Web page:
In December the winter weather rolls in and tucks the valley in with a fluffy white blanket of snow. People usually bring out their extra blankets and space heaters. My bed has typically has seven blankets on it. I don't use the blankets for the heat as much as I use them for the weight, if I have any less than seven I feel like I might blow away. In December, I add an extra blanket to the mass, a blue and white one my grandmother made for me which I have always called the Cloud Blanket. The Cloud Blanket is the one that keeps the cold out so I don't freeze, like how the earth's atmosphere keeps the cold of space out of earth so humans don't freeze.
In December, the cold is at it's worst. The wind screams at everyone's clothes and everyone's hair, looking for vulnerability. The wind speaks it's own language, but will try to cut the flaws from your sentences. The snow has grown tired of the wind, and tired of existing so it sits on the ground with silent disinterest, leaking it's apathy into your soles, numbing your toes.
I lay beneath my eight blankets, protected from the prying wind and sighing snow. The heavy blankets hold me down, they keep me from blowing away, they keep me from losing the feeling in my toes, but they hold me in my bed. The blankets are a comforting weight, a warm hug, but they hold me in place. The blankets serve to protect me from the wind and snow, and a reminder of the bitterness of December.
The warm blankets make the world grow colder, they make me forget what the wind and snow feel like, and I lose the desire to remember. I believe the wind once had something kind about it, it's voice wasn't harsh once, but soft and melodic, and the snow used to wink and sparkle with effervescence. Maybe I was naive. It is only cold now, was it ever any more?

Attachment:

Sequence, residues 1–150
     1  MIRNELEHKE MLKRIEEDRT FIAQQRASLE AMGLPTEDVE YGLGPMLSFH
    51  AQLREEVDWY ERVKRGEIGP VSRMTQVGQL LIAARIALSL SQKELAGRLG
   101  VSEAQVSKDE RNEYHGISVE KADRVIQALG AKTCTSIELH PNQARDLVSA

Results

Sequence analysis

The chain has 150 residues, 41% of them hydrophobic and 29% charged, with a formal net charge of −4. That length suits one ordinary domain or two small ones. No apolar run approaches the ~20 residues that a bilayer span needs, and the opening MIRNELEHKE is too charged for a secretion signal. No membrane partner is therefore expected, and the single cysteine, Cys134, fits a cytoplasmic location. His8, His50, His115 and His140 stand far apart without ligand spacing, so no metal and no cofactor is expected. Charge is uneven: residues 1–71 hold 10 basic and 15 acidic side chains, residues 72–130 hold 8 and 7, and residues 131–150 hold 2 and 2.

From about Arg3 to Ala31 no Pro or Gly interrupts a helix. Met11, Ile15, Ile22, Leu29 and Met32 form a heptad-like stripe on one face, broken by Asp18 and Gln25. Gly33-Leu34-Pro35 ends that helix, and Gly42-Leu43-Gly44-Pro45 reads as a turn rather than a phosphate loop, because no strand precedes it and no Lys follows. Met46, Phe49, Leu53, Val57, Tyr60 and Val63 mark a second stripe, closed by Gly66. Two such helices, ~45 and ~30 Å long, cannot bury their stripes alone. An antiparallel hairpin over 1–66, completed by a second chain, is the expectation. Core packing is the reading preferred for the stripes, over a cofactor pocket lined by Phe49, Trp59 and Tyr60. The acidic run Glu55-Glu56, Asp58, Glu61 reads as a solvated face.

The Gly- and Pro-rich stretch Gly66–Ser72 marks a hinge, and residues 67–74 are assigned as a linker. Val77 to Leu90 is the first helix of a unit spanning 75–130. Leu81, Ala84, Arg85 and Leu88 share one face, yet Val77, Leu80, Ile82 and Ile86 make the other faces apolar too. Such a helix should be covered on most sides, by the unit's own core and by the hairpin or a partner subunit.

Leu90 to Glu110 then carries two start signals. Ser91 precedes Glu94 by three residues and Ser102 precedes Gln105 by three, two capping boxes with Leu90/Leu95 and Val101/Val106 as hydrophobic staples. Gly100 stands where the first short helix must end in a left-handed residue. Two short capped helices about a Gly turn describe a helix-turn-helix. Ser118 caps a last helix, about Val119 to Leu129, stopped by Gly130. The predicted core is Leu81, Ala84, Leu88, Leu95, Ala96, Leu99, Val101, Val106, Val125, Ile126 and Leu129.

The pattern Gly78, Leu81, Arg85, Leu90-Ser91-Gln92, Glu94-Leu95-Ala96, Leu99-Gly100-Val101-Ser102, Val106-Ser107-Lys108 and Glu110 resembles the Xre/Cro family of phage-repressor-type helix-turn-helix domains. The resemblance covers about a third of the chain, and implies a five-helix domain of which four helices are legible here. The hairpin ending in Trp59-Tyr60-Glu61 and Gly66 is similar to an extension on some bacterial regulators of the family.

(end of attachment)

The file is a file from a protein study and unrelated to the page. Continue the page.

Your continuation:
Sometimes I think the blankets make it worse. I could be imagining things, I could be crazy, but I swear the more I retreat to my blankets, the more the wind tries to rip them off, and the more the snow tries to leach its cold into me. One would think that they would realize that the harder they try the less I want to come outside. It's a ridiculous thought. No one can control the weather. That's too much power for one person. I can't have the power. I don't want that power.
Besides, what if I come out, and the wind, instead of calming, ripped the flesh from my bones, and the snow, instead of glistening, sighed with such cold disinterest it sucked the soul from my body?
But if the weather has such an effect on me, why not me on the weather?
It does not matter, anyhow. The year is almost over. It's December. The snow will melt into whispering grass and the winter wind will become more occupied with the budding trees of spring than the people of the winter.
While this story can literally be about how it's cold in December and I use a lot of blankets (because I do) but there are two other metaphorical interpretations, that can both be seen as true.